TG: I teach Fair Isle often and the thing I hear most frequently is “that wasn’t as difficult as I thought it would be.” What advice would you give someone who wants to learn this technique but hasn’t mustered up their courage yet?

AR: I recommend just playing without judgement. Even if a thing seems hard, just try it and you may love it! I included a bunch of tips for improving your colorwork in AlterKnit because there are lots of practical ways to make your work look better, and every time you practice, that’ll make it better too! Swatches are great for knitting play time. I know a lot of knitters want to make a project, but embracing swatching can be a really fun, low-risk way to learn something new. And I always recommend practicing reinforcing and cutting a steek on a swatch before trying it on a real project. Steeking is a technique that’s so empowering and once you’ve done it once, it’s not quite so intimidating.

TG: What is your dream Fair Isle project?

AR: I have too many dreams! I find myself constantly wanting to make all the things. For traditional Fair Isle, I’m pretty excited about a current WIP – Ysolda’s Bruntsfield vest I’m knitting in Uradale Farms yarn, a farm I visited while in Shetland this summer. I really like less traditional colorwork too though, so I think I’ll probably use some of my Shetland yarn to design another sweater with one of the geometric motifs from AlterKnit, maybe incorporating the many-colored look of Fair Isle with the more modern look of the new motif.

TG: How can people use this book?

AR: Our hope is that knitters use AlterKnit as a jumping-off point for their own creativity. Anyone can use the motifs for their own original patterns whether for sale or for fun. It isn’t necessary to give credit, though I would absolutely love to see what folks make using the motifs, so tagging #alterknitstitchdictionary would be awesome. The book can also be used for reference – it’s got a techniques section in the front with info on how to hold your yarn, catch floats, pick colors, steek, and a lot more! I included five projects too so folks can get some examples of how to use colorwork. I’m looking forward to seeing knitters make those projects as they’re written, but I also can’t wait to see what different motifs they use instead of the ones I picked. There’s a section on how to use motifs in design (with specific examples and math!) so I hope knitters swap out motifs to get a project that’s just right for them. And I hope that just flipping through the book makes knitters want to do colorwork! If I see a bunch of new colorwork designs and projects in the world, I’ll be happy that my job is done.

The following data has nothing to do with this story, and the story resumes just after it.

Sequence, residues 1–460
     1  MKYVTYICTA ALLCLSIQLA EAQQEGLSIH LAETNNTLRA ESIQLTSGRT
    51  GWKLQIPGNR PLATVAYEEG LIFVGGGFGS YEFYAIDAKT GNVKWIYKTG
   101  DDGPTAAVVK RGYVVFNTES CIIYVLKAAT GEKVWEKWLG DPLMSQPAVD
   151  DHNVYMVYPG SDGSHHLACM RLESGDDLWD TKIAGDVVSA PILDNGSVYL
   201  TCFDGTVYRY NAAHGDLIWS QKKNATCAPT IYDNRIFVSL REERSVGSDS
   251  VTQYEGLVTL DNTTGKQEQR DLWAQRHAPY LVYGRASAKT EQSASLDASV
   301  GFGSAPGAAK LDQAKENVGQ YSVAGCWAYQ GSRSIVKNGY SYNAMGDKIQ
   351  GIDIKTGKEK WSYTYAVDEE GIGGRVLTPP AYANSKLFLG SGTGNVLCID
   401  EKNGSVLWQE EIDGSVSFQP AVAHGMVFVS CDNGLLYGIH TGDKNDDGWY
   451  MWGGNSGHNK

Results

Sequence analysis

TG: I like that you have a handful of projects in the back to get people going. What is your favorite kind of project to knit with colorwork?

AR: I adore a good colorwork sweater, especially if I get to cut it open at the end! It’s so satisfying!

TG: Color is a very important aspect to this kind of knitting. What advice would you give knitters who have trouble choosing colors?

AR: My number one tip is to start with colors that have high contrast – one should be light and one dark. It can be hard to tell if your colors are contrasting enough, so an easy trick is to just take a photo with your black and white filter on. That’ll show the value (relative brightness/darkness) of the colors. If they still look different, go for it! If they look exactly the same, they probably won’t read very well in colorwork, so pick a higher contrast.

TG: What’s on your needles now?